Tales of a `Man-Eating' Woman
AN age in which a writer like Margaret Atwood is accorded the status of a ``lady oracle,'' seems to have lost (or abandoned) all sense of literary proportion. Productive, versatile, a poet and critic as well as a fiction writer, Atwood is probably Canada's best-known contemporary author. Her novels generally receive front-page reviews in book supplements, her still-expanding oeuvre is studied in college courses, and a Margaret Atwood Society, duly affiliated with the Modern Language Association, publishes an annual newsletter. Academic essayists diligently dissect her themes and symbols, gravely pondering the deep significance of her by-and-large middlebrow, unmysterious, straightforward writings.Skip to next paragraph
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Although the critical overvaluation of Atwood may be hard to account for, it's not hard to understand her popular appeal.
From the sly comedy of ``The Edible Woman'' (1969) and ``Lady Oracle'' (1976) to the sober, even grim, realism of ``Life Before Man'' (1979) and ``Bodily Harm'' (1981), her work recognizably mirrors the age we inhabit. But when she assumes the role of oracle in works like ``The Handmaid's Tale'' (1985), it becomes clear that Atwood lacks the intellectual substance and subtlety necessary to launch a sustained critique of contemporary society and culture.
Atwood's eighth novel, ``The Robber Bride,'' is a cross between a Fay Weldon-style fantasy-satire featuring a preposterous ``She-devil'' and a Margaret Drabble-ish collage documenting the life histories of three women who first met as university students. The story opens in present-day Toronto, with three women in their late 40s meeting for lunch at a punk-style hangout called the Toxique. Petite, clever, black-haired Tony is a military historian. (Although her male colleagues had to overcome their prejudices to accept her, it's the department feminists who remain totally hostile to the very notion of studying a subject as evil as war.) Gentle, fuzzy-minded Charis works in a shop selling New Age paraphernalia. Dynamic, earthy Roz is the highly competent head of a business built up by her father.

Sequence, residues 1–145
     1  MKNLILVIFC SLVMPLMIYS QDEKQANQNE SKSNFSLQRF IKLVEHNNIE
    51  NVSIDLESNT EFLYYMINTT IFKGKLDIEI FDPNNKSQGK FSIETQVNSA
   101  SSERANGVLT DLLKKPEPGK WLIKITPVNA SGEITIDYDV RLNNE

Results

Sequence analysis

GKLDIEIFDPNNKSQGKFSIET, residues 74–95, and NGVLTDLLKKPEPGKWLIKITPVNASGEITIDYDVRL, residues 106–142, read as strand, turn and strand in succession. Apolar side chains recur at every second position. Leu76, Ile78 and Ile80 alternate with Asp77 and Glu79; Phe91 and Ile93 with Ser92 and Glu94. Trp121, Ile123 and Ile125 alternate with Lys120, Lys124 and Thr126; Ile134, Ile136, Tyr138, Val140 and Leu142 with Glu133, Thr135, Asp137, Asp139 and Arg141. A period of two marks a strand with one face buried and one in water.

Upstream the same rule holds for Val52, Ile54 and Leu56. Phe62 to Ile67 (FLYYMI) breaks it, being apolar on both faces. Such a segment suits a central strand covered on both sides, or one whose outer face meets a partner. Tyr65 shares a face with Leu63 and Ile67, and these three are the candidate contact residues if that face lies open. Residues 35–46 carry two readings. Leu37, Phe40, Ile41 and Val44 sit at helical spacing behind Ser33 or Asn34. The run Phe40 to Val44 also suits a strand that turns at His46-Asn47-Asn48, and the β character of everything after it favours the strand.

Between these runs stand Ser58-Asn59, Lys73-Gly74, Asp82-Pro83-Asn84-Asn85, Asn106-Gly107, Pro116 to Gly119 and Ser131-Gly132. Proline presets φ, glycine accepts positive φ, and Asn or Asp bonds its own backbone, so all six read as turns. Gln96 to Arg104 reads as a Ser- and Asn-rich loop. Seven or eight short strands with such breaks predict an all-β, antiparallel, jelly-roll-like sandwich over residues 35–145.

What all three have in common is having lost the men in their lives to the wiles of an unscrupulous woman called Zenia, the ``robber bride'' of the title. Tony was Zenia's first victim, and the only one to get her man back. Poor Charis still doesn't know what's become of Billy, the Kentucky-born draft dodger she sheltered in the 1970s, who took off with Zenia and was never seen again. But Roz knows all too well what happened to her husband, Mitch, a standard-issue philanderer who always returned to his wife and family - until Zenia got her hands on him.
Having attended funeral services for Zenia some years ago, the three lunching ladies are understandably horrified when the not-so-dear departed one walks into the restaurant. What unfolds next, in the three long sections that form the novel's central part, are stories of how each of these very different women managed to be charmed, tricked, and betrayed by Zenia.